You can also sell coaching packages—a bundle of sessions. The advantage of selling bundles is that it increases your average order value, so for each sale, you earn more. Instead of selling a one-time coaching session for $150, you can sell a package of 10 for $1,500.

Putting a price on what you know can be a challenge when starting an online business. Luckily, Teachable has many resources to help. For example, you’ll avoid common pitfalls by reviewing misconceptions about pricing.

5. Build a professional website and coaching page

Your prospective clients will view your website as a reflection of you. They’ll look at it to form their first impression of you and your business coaching services.

Your website should look professional and reflect your brand, so incorporate branding basics and carry them throughout.

It should also provide all the information potential clients need to make a buying decision, without looking cluttered. At a minimum, include:

  • Your bio, qualifications, and background
  • The type(s) of coaching you provide
  • Individuals and organizations you help
  • How you deliver your services (meetings, group classes, guided tutorials)
  • How to contact you
  • Testimonials
  • Call-to-action (what you want visitors to do)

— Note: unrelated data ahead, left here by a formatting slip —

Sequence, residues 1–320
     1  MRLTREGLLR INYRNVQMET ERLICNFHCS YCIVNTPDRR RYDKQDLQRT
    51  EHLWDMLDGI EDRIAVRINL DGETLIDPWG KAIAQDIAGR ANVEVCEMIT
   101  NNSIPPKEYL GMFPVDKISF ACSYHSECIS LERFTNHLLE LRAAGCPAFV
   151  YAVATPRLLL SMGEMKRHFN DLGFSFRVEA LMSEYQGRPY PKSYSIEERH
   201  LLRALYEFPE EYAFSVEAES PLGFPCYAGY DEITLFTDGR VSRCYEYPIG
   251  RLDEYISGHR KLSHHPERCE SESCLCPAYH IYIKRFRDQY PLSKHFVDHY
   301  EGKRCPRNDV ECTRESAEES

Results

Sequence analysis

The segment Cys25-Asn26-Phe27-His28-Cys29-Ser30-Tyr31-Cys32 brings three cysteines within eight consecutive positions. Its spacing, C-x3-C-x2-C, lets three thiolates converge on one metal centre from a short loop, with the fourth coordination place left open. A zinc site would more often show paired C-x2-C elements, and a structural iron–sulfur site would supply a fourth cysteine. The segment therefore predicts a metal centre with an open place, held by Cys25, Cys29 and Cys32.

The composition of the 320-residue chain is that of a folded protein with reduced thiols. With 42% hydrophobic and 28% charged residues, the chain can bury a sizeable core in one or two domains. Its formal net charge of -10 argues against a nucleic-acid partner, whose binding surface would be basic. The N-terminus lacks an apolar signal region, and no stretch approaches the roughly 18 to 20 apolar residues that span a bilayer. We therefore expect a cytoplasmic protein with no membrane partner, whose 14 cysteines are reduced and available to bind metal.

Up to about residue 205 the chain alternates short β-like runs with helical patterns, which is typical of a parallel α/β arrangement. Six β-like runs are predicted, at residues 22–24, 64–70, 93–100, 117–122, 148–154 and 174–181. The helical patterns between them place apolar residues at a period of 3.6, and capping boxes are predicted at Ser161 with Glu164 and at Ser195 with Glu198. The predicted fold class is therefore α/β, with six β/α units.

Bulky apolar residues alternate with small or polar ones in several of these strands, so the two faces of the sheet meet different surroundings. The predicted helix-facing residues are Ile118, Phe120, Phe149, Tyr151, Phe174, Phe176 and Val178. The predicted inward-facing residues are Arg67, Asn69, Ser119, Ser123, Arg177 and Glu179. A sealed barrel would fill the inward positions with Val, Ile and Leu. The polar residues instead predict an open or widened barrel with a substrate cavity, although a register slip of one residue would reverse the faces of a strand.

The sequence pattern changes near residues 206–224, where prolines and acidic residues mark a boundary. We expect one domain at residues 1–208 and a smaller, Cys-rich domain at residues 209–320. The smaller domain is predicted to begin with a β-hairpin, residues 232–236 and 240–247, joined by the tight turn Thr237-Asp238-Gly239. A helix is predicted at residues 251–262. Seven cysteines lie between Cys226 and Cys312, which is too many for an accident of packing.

For each service or product you offer, you should have a dedicated landing page, also called a sales page. Founder of Fire Inside Sade Kelly, for example, hosts time management coaching programs.

sade kelly

The landing page speaks to the target audience and includes a preview of what you’ll accomplish in the coaching program.

business coaching landing page

6. Get your first business coaching clients

To launch your online coaching business, you need clients. A well-designed landing page is one piece of the puzzle. However, to get your first coaching clients, you’ll need more.

Here are a few ideas to get coaching clients:

  • Network – Research Slack, Instagram, Facebook, Reddit, and other online groups related to your industry. Building your influence in these groups can lead to referrals.